It is interesting that boards with members who have IT skills are also likely to be more diverse. New digital directors tend to be younger and often represent the first women on the board, bringing valuable experience from different perspectives, the Amrop study shows. Boards that are more diverse perform better: another incentive to recruit more board members with technology skills.

One incentive for recruiting such board members is to provide a high-quality board portal that allows them to communicate effectively and in complete security.

Diligent Governance Cloud: A reliable tool for achieving compliance

The Governance Cloud, the only integrated enterprise governance management solution that enables organisations to achieve best-in-class governance, is an ecosystem of software tools that digitises the various activities and tasks for the board of directors. As organisations grow more complex and regulations more stringent, the scope of governance responsibilities evolves. The Governance Cloud allows boards of directors to meet the demands in the boardroom and beyond with the ability to select the products they need that help them perform their best and work within their allotted budgets.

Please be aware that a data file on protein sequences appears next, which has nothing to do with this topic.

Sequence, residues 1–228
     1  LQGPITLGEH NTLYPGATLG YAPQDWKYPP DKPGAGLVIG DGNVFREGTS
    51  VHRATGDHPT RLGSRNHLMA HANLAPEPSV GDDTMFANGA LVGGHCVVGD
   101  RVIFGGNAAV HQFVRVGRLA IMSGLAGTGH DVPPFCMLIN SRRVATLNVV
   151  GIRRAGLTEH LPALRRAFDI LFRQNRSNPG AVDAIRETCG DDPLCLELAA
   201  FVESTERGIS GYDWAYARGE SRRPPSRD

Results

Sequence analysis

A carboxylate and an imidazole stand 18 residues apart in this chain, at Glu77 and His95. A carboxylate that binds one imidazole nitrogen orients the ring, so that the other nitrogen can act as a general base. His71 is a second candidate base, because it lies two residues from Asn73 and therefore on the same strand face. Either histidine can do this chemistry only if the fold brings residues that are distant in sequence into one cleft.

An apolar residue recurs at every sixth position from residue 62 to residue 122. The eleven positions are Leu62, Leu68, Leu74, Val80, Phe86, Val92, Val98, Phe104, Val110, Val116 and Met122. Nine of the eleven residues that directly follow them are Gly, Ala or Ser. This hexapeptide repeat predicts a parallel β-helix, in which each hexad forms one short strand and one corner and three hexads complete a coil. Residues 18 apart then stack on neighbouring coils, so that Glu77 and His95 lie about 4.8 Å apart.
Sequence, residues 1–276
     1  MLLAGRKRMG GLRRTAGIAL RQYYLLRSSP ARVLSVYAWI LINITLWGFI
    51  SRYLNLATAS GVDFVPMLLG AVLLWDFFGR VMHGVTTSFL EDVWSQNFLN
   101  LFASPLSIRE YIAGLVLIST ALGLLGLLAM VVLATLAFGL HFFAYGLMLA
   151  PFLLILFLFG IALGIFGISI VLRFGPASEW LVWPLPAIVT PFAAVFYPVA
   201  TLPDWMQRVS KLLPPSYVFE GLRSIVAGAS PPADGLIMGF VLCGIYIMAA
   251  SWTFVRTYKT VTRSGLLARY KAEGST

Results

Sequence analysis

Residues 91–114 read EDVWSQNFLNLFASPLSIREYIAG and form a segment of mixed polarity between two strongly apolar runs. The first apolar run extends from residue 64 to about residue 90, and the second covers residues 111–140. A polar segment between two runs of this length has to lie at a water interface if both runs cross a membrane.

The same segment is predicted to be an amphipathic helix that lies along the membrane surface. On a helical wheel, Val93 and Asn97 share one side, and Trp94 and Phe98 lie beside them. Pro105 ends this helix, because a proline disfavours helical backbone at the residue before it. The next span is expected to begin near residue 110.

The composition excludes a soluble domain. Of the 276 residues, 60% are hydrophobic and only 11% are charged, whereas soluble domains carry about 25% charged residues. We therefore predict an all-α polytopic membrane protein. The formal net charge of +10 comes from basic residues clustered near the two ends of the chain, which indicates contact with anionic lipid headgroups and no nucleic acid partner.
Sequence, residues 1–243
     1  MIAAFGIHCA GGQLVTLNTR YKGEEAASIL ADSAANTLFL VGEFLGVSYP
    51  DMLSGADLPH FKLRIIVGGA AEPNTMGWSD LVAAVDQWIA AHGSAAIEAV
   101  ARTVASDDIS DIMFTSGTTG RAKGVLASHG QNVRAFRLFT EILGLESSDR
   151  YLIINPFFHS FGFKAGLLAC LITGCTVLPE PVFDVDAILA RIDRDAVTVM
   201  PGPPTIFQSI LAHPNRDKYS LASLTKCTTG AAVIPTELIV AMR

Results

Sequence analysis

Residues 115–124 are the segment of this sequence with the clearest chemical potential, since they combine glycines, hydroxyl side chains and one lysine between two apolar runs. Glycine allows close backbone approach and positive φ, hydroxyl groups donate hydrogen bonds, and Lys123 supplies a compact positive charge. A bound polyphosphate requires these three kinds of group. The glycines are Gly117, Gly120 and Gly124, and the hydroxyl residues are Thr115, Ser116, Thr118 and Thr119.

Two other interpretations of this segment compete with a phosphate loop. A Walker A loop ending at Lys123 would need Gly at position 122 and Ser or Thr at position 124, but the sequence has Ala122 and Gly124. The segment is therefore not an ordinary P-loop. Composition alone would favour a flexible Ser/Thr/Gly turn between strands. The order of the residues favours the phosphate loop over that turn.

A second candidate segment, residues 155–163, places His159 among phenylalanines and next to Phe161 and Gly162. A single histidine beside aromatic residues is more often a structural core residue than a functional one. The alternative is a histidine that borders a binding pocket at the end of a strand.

Governance leaders, executives and board directors rely on the industry-leading Diligent platform for the most secure and intuitive solution to board material management and collaboration. Diligent Boards™ electronically stores a board’s agendas, documents, annotations and discussions within a secure board portal. Company secretaries and board chairs can use the portal to put together board books in minutes. The portal also has designated virtual rooms for committee work. Administrators of the portal can designate permissions for users to access various areas of the portal to avoid unnecessary problems with confidentiality. The “Manage Meetings” feature consolidates board directors’ contacts and calendars and the logistics of meetings. The program is a secure and intuitive solution for managing board materials and collaboration. Diligent Minutes is a core component of Governance Cloud, Diligent’s enterprise management ecosystem of software that allows for end-to-end governance management